Traveller's Tales used to be a modestly sized studio that developed and released modestly sized games. Things changed when Lego Star Wars was released in 2005. The game received a lot of praise, and stayed in the charts for a long, long time. More Lego Star Wars was to follow, as well as Lego Batman and Lego Indiana Jones.
Traveller's Tales has become intimately associated with the Lego series, and they are keeping busy. This time it is the cherished Harry Potter series that gets the Lego treatment.
The first thing that struck me was that Traveller's Tales keep a good grip on the story to make it as accurate as possible, while they add the familiar Lego humour. The intro sequence shows Harry's arrival at his aunt and uncle when he was only an infant. After this the game takes a leap in time and we get to witness when Harry first finds out what Hogwarts is. The house of his aunt and uncle is invaded by an owl with a letter welcoming Harry to the school of magic and sorcery.
In the beginning there are only a few playable characters, in order to ease players into the game. It starts out in the pub The Leaky Cauldron, where both Hagrid and Harry are playable. At this point one can not use magic, but you get an introduction to the basics of the controls. As you may expect there is plenty of stuff to collect, including ingredients for elixirs.
There is a lot of stuff to enjoy, even before you learn magic. Harry can help students and have a look at the animated paintings, or just have a look around and explore the premises. The level of detail in the first few scenes was impressive and there are small nods to fans of both books and films here and there.
When you first get access to Hogwarts a lot of sites are blocked off. This is simply in order to ease the player into finding their way around Hogwarts. Lead Designer Arthur Parsons emphasized that Hogwarts, will be a huge area to explore, but that it is better to start with a smaller area, and open up more areas as you get familiar with it. At Hogwarts Harry meets with his friends Hermione and Ron, and at this point they will also become playable. This is also when Harry begins to learn magic, and the developer stays true to what happens in the books. Harry is good at most of the magic, while Hermione is always a notch ahead. Ron, however, is largely a disaster, and this leads to lots of comedy.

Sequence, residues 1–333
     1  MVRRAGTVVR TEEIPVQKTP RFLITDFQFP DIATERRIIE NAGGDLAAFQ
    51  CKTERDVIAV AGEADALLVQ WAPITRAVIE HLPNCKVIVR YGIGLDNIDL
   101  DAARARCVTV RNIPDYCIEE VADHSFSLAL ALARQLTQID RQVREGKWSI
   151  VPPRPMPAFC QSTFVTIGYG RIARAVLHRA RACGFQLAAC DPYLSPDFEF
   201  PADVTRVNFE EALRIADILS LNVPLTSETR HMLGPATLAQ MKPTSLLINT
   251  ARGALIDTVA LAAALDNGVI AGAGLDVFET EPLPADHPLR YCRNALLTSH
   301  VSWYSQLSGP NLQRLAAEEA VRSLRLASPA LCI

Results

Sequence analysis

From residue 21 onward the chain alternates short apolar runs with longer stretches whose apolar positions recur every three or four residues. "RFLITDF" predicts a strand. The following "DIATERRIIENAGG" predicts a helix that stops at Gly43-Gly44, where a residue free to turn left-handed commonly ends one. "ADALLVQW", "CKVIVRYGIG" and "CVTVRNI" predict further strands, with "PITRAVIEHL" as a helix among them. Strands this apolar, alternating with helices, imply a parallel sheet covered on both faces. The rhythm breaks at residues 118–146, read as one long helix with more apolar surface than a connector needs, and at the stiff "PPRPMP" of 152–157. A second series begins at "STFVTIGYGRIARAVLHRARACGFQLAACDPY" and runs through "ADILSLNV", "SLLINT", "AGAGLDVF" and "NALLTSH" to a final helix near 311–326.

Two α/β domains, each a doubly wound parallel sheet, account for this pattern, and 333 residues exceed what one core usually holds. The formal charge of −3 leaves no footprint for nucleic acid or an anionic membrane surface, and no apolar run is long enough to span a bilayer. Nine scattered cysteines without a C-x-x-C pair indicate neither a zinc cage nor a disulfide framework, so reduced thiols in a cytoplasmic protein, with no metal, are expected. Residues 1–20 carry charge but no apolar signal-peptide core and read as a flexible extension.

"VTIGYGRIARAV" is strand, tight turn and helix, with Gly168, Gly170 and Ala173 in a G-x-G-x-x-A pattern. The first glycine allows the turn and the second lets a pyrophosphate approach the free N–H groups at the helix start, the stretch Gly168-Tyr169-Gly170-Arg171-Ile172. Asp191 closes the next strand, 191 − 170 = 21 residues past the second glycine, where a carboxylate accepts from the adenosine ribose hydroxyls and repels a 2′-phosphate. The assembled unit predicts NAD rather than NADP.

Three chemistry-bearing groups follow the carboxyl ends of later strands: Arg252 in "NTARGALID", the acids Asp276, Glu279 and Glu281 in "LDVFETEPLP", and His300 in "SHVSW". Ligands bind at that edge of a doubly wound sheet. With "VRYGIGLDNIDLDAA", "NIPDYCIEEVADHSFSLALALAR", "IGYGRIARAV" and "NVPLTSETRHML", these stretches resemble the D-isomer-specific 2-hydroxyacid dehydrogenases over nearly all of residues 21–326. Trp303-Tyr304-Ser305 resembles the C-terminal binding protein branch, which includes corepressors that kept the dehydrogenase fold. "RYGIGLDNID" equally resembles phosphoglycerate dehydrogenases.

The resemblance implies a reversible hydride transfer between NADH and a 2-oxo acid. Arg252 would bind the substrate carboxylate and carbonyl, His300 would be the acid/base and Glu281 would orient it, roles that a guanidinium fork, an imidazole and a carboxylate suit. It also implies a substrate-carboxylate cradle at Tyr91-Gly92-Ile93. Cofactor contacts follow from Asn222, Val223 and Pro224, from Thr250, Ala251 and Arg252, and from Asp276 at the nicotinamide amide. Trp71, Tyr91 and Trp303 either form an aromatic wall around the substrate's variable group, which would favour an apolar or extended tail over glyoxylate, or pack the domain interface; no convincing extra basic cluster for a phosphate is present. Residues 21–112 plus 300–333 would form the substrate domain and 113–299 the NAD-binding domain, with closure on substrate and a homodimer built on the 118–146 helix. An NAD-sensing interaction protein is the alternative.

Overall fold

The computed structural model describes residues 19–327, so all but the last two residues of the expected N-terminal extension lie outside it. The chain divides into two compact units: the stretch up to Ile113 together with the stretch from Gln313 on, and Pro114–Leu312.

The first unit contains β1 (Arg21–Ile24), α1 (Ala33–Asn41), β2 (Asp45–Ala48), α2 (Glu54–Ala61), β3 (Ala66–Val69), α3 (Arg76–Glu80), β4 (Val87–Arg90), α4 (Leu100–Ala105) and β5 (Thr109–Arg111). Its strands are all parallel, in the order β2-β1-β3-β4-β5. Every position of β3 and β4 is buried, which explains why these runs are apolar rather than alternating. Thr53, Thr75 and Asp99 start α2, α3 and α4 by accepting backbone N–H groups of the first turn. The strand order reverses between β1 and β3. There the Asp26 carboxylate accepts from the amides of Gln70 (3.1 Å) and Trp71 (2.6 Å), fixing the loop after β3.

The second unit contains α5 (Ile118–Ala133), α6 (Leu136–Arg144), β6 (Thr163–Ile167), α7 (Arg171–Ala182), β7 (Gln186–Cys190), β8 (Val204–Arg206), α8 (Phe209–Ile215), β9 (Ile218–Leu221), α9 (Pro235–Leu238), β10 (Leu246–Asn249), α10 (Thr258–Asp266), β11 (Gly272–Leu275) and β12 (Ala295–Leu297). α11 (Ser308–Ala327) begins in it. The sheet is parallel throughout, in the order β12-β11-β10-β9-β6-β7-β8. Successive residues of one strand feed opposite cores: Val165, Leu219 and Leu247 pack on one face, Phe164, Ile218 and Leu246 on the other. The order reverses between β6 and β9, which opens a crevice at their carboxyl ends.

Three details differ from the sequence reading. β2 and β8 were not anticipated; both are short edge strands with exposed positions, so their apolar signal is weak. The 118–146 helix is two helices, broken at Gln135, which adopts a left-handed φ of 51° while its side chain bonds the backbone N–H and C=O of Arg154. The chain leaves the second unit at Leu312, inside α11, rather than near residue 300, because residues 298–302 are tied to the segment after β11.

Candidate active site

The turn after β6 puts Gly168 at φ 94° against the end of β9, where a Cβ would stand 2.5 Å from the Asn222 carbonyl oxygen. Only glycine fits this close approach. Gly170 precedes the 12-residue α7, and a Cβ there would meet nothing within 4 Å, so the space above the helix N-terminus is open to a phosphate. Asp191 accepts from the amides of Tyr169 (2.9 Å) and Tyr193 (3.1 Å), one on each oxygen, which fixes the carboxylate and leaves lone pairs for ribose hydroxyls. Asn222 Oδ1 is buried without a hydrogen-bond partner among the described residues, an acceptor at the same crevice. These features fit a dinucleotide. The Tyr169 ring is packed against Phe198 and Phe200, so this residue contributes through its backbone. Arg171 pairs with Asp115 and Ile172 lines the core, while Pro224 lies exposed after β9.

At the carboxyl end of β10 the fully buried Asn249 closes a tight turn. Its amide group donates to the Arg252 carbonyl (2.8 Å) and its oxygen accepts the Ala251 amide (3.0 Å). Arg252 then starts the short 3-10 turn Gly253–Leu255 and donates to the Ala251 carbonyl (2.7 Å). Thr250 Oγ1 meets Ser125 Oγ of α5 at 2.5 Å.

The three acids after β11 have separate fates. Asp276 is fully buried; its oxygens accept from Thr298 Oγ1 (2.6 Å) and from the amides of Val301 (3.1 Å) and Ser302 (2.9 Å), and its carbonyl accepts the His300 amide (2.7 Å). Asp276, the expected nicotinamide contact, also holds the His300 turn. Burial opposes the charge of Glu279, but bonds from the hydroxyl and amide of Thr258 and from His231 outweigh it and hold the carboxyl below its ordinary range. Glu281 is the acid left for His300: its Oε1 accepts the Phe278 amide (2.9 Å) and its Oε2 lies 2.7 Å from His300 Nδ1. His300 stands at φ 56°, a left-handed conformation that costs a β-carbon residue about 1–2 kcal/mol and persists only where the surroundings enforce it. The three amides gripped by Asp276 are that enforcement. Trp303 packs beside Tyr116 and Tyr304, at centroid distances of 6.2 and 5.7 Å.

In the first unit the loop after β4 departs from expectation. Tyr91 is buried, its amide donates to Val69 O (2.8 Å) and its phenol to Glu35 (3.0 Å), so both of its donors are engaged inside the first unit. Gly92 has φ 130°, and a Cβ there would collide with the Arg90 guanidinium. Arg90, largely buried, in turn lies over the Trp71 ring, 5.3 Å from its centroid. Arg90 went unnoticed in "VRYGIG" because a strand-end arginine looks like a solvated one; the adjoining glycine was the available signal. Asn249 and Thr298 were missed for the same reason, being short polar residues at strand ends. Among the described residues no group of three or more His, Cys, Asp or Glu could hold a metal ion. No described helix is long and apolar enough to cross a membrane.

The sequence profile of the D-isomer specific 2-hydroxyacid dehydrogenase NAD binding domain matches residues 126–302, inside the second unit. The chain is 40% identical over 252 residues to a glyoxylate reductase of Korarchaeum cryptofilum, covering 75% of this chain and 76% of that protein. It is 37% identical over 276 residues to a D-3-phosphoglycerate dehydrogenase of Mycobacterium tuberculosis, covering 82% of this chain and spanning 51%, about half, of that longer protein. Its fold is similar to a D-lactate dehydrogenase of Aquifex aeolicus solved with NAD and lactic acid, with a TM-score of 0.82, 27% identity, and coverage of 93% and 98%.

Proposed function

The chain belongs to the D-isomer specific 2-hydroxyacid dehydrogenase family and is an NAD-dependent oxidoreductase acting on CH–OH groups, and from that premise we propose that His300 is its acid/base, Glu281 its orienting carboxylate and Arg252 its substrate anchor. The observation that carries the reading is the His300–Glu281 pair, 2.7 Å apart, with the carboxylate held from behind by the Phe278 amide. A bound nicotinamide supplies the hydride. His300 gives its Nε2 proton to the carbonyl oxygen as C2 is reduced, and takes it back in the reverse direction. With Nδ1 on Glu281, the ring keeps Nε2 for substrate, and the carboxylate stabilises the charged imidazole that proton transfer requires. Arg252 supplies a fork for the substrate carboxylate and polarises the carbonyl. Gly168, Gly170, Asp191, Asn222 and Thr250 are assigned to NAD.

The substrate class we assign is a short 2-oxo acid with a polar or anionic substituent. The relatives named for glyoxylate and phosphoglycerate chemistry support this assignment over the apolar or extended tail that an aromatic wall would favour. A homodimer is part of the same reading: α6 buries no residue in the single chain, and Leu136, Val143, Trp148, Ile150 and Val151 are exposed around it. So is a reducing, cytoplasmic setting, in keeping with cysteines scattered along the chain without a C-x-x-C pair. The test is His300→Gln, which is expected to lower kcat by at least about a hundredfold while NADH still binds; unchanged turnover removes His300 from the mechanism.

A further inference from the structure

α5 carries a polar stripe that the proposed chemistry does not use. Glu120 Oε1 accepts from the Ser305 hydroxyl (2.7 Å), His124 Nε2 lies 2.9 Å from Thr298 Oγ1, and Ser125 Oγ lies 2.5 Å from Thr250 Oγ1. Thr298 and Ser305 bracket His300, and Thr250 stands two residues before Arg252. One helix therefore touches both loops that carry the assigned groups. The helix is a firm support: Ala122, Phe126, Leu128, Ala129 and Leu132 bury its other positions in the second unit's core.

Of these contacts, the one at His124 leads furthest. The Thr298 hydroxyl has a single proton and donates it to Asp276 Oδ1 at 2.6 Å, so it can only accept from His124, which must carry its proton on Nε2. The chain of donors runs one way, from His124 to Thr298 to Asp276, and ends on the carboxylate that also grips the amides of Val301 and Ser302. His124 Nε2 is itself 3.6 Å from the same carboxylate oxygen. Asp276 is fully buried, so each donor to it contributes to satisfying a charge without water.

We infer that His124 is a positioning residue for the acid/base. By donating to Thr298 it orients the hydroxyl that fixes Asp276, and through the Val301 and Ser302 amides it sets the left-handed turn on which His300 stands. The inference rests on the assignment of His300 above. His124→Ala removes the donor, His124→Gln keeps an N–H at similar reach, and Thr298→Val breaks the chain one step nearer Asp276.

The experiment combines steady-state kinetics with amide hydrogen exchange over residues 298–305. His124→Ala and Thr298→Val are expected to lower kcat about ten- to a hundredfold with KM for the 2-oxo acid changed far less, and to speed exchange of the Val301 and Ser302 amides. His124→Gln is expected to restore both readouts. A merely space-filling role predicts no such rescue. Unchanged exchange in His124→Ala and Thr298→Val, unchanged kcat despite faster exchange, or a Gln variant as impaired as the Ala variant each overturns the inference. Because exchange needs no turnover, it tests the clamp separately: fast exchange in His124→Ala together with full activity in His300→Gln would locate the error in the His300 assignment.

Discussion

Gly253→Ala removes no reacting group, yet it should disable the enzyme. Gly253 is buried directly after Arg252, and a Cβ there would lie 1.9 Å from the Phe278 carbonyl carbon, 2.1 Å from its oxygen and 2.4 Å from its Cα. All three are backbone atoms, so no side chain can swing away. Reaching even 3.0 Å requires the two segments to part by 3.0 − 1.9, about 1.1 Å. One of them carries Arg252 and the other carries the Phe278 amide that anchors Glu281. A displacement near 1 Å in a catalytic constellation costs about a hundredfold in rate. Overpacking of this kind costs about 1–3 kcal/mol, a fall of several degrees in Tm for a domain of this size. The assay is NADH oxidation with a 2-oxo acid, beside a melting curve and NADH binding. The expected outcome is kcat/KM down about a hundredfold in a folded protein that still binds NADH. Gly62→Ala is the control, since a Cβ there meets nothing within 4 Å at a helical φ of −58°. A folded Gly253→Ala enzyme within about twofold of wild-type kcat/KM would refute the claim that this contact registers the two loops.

In the classrooms, Harry learns new spells, and the first one we get acquainted with is Vingardium Leviosa, which make things float in the air. To learn the formula you need to complete various missions using it, and this works amazing well. And if you happen to get bored there is always something else to do.
Another fun element is the first Quidditch hour. Perhaps one of the few areas where Hermione is not the supreme ruler, and when you direct her broom it is almost impossible not to smile. She staggers and looks anything but graceful.
Each character has his or her strength of course: Harry is good with the broom, Hermione is best with magic formulas, and Ronny has his pet that can creep into the small and confined areas. Although Ronny might seem pretty useless at times, there are still missions where you are totally dependent on his special abilities.
Towards the end of the game, you will probably have played virtually all of the characters from the Harry Potter universe, and there are lots of them. Arthur Parsons laugh well when we ask exactly how many playable characters there will be:
- A hundred plus. With plus, we believe that it probably will be well over a hundred.
Simply put, there will be more than enough to keep us busy. And since the game spans the first four years there is a lot of ground to cover. It will be interesting to see if the game will be able to keep up the high level of quality that I witnessed throughout the whole game.
When I asked Parsons about the humour in the fourth sequence of the game, given that the mood of the books was much darker to begin he reassured me that they kept the story the same - but that some humour would always be present. They haven't taken the story dead serious, but kid around with the mood. It is going to be interesting to see how this is implemented.
Apart from the humour, I was interested to hear about how different puzzles were designed. Parsons emphasized that it is not going to be overly easy for those a little older, but that there will consistently be opportunities to do things either a very simple way, or choose to make things more complicated - and be rewarded accordingly.
At first look it is hard not to enjoy the latest Lego game. Much depends on whether the developers have put as much love and effort into the rest of the years as well, or whether it ends up being boring and repetitive towards the end. However, from what we have seen there is every reason to remain optimistic.